Lamia (Basque mythology)

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This article is about a creature from Basque mythology. For the figure from Greek mythology, see Lamia.
Basque lamina
Sculpture of a lamina in Garagartza, Arrasate, Gipuzkoa

The lamia (plural: lamiak) is a siren- or nereid-like creature in Basque mythology.[1][2] Lamiak, laminak or amilamiak live in the river. They are very beautiful, and stay at the shore combing their long hair with a golden comb; they easily charm men. They have duck feet.

In coastal areas, some believed that there were itsaslamiak in the sea, who had fish tails—a kind of mermaid.

Beliefs[edit]

Lamiak help those who give them presents by providing them with help at work; if a farmer left them food at the river shore, they would eat it at night and in exchange would finish a field he had left unploughed. In some places, bridges were believed to have been built at night by lamiak: Ebrain (Bidarray, Lower Navarre), Azalain (Andoain, Gipuzkoa), Urkulu (Leintz-Gatzaga, Gipuzkoa), Liginaga-Astüe (Labourd).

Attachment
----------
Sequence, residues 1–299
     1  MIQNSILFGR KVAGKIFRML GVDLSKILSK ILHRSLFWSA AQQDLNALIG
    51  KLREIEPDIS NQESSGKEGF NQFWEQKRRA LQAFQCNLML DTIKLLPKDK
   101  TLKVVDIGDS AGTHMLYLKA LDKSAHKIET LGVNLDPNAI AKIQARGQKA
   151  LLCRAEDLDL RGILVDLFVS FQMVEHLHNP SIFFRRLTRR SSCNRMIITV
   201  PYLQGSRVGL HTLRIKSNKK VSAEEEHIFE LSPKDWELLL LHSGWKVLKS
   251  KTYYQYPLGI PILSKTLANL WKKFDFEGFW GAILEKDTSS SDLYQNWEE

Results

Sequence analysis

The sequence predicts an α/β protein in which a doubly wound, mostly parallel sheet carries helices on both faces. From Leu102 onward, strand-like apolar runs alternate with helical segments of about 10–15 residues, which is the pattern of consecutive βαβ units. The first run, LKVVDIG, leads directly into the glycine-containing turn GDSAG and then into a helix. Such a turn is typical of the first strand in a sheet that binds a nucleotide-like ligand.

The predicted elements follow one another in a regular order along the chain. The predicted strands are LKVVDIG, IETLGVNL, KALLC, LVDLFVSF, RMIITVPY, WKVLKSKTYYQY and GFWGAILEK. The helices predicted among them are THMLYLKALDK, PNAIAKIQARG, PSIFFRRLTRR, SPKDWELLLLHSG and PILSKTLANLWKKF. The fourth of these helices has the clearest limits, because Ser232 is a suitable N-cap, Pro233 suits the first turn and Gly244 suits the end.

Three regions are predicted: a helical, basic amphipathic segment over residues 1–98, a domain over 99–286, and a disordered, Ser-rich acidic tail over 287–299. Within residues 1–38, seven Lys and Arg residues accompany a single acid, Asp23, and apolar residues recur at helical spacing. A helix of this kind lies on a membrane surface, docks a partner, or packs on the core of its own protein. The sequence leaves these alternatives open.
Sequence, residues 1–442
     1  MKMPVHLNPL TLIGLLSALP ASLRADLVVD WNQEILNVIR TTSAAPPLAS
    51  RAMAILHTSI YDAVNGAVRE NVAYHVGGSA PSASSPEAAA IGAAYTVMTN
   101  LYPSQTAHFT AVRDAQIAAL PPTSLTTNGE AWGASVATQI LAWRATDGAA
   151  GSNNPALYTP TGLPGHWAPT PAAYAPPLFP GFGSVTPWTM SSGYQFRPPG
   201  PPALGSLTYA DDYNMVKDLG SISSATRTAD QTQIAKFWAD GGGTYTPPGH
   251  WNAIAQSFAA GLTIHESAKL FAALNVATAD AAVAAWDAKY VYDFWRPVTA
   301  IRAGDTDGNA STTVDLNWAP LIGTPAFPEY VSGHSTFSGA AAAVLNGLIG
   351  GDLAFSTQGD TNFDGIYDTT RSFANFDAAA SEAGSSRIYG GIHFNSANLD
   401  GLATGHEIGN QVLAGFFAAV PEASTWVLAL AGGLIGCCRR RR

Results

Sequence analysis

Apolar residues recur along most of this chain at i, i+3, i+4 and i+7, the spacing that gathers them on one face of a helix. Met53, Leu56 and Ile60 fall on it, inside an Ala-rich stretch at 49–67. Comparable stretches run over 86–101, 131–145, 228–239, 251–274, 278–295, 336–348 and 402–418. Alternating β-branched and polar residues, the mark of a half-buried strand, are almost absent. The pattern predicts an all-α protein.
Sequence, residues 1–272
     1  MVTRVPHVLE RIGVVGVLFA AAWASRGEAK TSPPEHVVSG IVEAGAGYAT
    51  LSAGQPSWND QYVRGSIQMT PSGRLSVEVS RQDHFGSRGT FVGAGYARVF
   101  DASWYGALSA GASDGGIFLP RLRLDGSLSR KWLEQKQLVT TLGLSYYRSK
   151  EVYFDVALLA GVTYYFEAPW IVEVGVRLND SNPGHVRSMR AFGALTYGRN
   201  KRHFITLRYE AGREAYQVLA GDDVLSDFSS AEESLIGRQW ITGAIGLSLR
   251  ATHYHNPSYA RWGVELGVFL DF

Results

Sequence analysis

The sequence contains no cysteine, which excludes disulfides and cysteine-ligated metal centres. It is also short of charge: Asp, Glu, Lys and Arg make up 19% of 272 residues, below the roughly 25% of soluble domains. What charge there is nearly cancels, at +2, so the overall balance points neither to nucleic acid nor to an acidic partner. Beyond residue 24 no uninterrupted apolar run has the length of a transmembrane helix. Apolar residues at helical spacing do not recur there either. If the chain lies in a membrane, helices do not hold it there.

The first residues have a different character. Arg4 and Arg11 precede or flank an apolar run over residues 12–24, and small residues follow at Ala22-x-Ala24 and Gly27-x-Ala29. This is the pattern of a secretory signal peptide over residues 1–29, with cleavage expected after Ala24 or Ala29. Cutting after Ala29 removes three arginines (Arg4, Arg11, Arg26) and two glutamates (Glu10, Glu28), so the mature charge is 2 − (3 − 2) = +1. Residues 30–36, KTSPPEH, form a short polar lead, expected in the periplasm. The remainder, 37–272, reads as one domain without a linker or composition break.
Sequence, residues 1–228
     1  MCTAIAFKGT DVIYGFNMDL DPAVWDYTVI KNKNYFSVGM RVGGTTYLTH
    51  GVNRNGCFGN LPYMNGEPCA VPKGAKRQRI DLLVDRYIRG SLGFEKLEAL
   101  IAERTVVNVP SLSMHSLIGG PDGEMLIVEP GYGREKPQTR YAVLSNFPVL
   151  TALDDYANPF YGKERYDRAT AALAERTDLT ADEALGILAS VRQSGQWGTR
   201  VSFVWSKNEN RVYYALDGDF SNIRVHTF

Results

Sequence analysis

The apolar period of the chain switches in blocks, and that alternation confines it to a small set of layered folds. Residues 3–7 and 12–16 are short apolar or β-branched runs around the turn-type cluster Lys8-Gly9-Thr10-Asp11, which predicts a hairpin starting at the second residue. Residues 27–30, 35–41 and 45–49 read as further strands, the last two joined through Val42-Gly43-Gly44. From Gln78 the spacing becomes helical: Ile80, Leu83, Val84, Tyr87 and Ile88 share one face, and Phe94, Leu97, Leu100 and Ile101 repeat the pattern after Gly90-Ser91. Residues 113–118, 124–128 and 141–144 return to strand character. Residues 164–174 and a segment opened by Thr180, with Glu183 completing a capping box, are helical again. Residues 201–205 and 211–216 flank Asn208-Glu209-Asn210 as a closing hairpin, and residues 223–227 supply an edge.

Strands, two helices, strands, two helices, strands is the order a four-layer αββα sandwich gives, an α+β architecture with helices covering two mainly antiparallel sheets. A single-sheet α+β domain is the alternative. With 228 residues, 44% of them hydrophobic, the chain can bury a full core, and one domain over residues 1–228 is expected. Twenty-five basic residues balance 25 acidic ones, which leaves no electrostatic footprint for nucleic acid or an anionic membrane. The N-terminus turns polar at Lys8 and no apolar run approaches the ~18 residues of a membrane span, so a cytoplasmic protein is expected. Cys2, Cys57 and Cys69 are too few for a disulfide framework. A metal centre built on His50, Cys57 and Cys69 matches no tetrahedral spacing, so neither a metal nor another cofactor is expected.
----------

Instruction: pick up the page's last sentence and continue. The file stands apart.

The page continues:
In some places lamiak had to go away if the bridge they were building at night was left unfinished at cockcrow. People believed that lamiak had left a river if a stone of the bridge was missing. Most lamiak disappeared when men built small churches in the forest.

A lamia is at the other side of the rainbow combing her hair. When the sun lights her hair, the rainbow opens.

In some places male lamiak also exist; they are strong and have built dolmens at night. Sometimes they can enter a house when its inhabitants are sleeping. They are given different names: Maideak, Mairiak, Mairuak, Intxixuak (in Oiartzun, (Gipuzkoa), Saindi Maidi (in Lower Navarre).

Many toponyms are related to lamiak: Lamikiz (Markina), Laminaputzu (in Zeanuri), Lamitegi (in Bedaio), Lamirain (in Arano), Lamusin (in Sare), Lamiñosin (in Ataun).

See also[edit]

References[edit]

  1. ^ "lamia". Orotariko Euskal Hiztegia. Euskaltzaindia (Academy of the Basque Language). Retrieved 12 July 2012. 
  2. ^ Williams, Elena Arana (1989). "Basque Legends in their Social Context". Essays In Basque Social Anthropology And History. Basque Studies Program. pp. 119–120. Retrieved July 12, 2012.